Convergence of this Laplace transformation

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I have a f(t) that is, e^(-t) *sin(t), now I calculate the Laplace transformation, that is:
X(s) = 1 / ( 1 + ( 1 + s)^2 ) (excuse me but Latex seems not run ).
Now I imagine the plane with Re(s), Im(s) and the magnitude of X(s).

If i take Re(s) = -1 and Im(s) = 0, I believe I have X(s) = 1 ( s = -1, so from the formula X(s) = 1) and this seem correctly according to a graph that I see online.

But if I put Re(s) = -1 and Im(s) = 0 in the integral, and I calculate it directly, I should get the same result...(?) but In that case is only the integral of sin(t) from 0 to infty that is not 1 absolutely.

What is wrong?

thanks
 

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  • #2
pasmith
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The integral [tex]\int_0^\infty \sin t\,e^{-(1+s)t}\,dt[/tex] converges only when [itex]\operatorname{Re}(1 + s) > 0[/itex]. [itex]s = -1[/itex] is not in this region.

You can, of course, analytically continue the result you get in [itex]\operatorname{Re}(1 + s) > 0[/itex] into the rest of the [itex]s[/itex]-plane (except the poles at [itex]s = -1 \pm i[/itex]).

LaTeX is enabled; but it often doesn't render when you make your first post in a forum.
 
  • #3
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The integral [tex]\int_0^\infty \sin t\,e^{-(1+s)t}\,dt[/tex] converges only when [itex]\operatorname{Re}(1 + s) > 0[/itex]. [itex]s = -1[/itex] is not in this region.

You can, of course, analytically continue the result you get in [itex]\operatorname{Re}(1 + s) > 0[/itex] into the rest of the [itex]s[/itex]-plane (except the poles at [itex]s = -1 \pm i[/itex]).

LaTeX is enabled; but it often doesn't render when you make your first post in a forum.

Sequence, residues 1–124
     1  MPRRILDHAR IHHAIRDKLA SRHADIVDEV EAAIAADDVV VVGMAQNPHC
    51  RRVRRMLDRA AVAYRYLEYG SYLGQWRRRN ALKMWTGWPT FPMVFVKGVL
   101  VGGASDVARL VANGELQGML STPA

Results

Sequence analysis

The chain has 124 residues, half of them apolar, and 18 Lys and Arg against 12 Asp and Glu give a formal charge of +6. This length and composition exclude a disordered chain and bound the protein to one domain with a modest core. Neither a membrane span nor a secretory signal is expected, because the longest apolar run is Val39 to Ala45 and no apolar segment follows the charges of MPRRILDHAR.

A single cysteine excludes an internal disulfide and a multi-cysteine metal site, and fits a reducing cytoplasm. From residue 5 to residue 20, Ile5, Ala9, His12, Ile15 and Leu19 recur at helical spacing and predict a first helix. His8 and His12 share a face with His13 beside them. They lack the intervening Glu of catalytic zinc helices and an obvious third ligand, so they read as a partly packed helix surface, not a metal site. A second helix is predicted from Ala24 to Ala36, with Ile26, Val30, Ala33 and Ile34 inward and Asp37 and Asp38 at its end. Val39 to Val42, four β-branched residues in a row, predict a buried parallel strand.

Ok, maybe my question was misunderstood, but ##X(s) = \frac{1}{1 + (1+s)^2}##, so for s = -1, I have X(s) = 1;
but ##\int_{0}^{\infty} sin(t) dt## ,that is for s = -1, is indefinite.
And also the graphics solution, looks like X(s) = 1 for s = -1.
 
  • #4
pasmith
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Ok, maybe my question was misunderstood, but ##X(s) = \frac{1}{1 + (1+s)^2}##, so for s = -1, I have X(s) = 1;
but ##\int_{0}^{\infty} sin(t) dt## ,that is for s = -1, is indefinite.
And also the graphics solution, looks like X(s) = 1 for s = -1.

Yes.

There are many functions, such as the Gamma function, which are initially defined by an integral representation valid only in a subset of [itex]\mathbb{C}[/itex] but are then extended to a larger subset of [itex]\mathbb{C}[/itex] by analytic continuation. Laplace transforms often also fall into this category.

One can define a function [tex]F : D \to \mathbb{C}: s \mapsto \int_0^\infty f(t)e^{-st}\,dt[/tex] where [itex]D \subset \mathbb{C}[/itex] is the region where the integral converges. If [itex]D[/itex] satisfies certain conditions then there exists a unique [itex]G[/itex], defined on as much of [itex]\mathbb{C}[/itex] as possible, such that [itex]G(s) = F(s)[/itex] for every [itex]s \in D[/itex].

Now [itex]F[/itex] and [itex]G[/itex] are distinct functions because they have different domains, and we commonly define the Laplace transform of [itex]f[/itex] as [itex]F[/itex] when really we mean [itex]G[/itex]: Inverting the transform requires integration over a contour which is almost certainly not contained in [itex]D[/itex], and if we have a formula for [itex]F(s)[/itex] then it almost certainly makes sense for values of [itex]s \notin D[/itex]. But we must remember that if [itex]s \notin D[/itex] then [tex]
G(s) \neq \int_0^\infty f(t)e^{-st}\,dt.[/tex]
 
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